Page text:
There is at least one more twelve quart batch ripening in the garden and apples will soon be on the way.  I think it’s time to make some of Grandma Madeline’s apple butter and another chocolate zucchini cake.  I love fall!

Biohazard Chaos



Devin Waiting Room 


Not even a week into school starting, Devin gets sick.  He wasn’t feeling so hot on Sunday so let him play hooky from church just in case anything other than an achy feeling cropped up.  Monday he was up getting himself ready for school at the usual time; I was being lazy and still in bed when I heard a terrible hacking noise.  “Is that Devin?”  I asked Dave who was also doing his best to delay Monday.  I got up to check on him and good thing I did.  He was sacked out on the couch and I instantly knew he wasn’t going anywhere anytime soon.  A couple of clicks of the mouse later, Devin and I discovered that he had every single symptom of H1N1, affectionately covered by the media at large as swine flu.  The hard part about each symptom was that it’s exactly like any other run-of-the-mill illness.  “Nah, you don’t have swine flu.”


At D.J.’s football practice later that night, we heard from friends that his middle school had a suspected case and sent home fliers that afternoon to warn parents and symptoms to look for in their son or daughter.  “Nah, it’s just the flu… maybe.”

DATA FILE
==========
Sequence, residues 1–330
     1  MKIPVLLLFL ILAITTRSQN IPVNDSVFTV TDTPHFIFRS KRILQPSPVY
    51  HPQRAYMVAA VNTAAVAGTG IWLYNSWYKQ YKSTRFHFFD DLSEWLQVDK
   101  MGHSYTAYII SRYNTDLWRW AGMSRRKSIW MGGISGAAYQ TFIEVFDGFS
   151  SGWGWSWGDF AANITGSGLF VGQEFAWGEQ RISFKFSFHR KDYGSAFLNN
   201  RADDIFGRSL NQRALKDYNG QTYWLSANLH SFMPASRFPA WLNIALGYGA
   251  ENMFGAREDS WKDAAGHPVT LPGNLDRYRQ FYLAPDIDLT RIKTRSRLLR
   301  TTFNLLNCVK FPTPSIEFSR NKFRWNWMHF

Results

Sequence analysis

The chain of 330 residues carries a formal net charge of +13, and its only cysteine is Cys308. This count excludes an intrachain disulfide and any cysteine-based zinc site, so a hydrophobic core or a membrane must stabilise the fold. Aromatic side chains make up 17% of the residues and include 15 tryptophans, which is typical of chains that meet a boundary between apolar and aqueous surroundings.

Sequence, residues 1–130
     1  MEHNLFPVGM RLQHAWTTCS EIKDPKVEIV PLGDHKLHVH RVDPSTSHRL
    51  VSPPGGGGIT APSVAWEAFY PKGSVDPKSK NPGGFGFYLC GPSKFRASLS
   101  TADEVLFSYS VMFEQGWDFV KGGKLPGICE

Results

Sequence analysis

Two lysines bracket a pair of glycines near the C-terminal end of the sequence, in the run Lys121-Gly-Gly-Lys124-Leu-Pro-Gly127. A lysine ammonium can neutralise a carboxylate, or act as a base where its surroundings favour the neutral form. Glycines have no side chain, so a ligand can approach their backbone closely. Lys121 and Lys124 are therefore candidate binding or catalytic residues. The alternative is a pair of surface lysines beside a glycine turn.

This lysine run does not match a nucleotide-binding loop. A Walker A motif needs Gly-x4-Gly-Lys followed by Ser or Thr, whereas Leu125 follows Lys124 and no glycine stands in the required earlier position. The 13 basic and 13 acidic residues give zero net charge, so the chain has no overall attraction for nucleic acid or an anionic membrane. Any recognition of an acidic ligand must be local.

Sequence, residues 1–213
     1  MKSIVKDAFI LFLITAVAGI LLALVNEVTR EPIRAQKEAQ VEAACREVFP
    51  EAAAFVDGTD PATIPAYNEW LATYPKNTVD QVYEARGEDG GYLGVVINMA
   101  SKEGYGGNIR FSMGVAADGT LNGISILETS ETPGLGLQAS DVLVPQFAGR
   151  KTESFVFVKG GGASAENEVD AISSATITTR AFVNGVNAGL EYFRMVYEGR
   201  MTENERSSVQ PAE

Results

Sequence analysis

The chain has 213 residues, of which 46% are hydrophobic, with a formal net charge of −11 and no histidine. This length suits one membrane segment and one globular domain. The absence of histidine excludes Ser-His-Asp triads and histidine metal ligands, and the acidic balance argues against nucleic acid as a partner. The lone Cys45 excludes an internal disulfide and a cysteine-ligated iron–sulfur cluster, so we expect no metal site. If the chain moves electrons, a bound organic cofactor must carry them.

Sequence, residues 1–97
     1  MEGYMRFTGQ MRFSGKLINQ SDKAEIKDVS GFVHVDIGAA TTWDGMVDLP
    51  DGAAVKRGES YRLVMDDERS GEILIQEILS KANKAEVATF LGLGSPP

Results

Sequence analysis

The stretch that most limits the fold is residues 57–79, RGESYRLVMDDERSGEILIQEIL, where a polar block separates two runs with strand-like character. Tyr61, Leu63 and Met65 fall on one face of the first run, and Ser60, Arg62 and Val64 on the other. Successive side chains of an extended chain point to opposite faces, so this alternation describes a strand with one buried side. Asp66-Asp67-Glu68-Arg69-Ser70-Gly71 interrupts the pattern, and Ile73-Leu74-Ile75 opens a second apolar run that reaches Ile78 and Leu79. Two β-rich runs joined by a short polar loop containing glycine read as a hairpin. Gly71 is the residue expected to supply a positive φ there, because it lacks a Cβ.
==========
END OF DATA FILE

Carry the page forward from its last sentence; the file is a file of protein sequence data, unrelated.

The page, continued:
By Tuesday morning, he was one sick teen and the Quick-Care Clinic was first on the agenda.  The poor guy “shouted groceries” half a dozen times within the five minute drive to town.  Immediately we noticed warning papers taped to the outer glass doors of the clinic in hunter – or should I say biohazard - orange.  If you have a cough, please ask for a mask at the front desk.  I felt the piercing, disgusted eyes of everyone in the waiting room as Devin snapped the elastic over his head.  Nothing says I have a communicable, deadly disease so watch out like a dual-filtered, foam-lined mask.  So here was are, sitting in the foyer just outside waiting room, Devin, Death and I.


Devin Waiting Room 2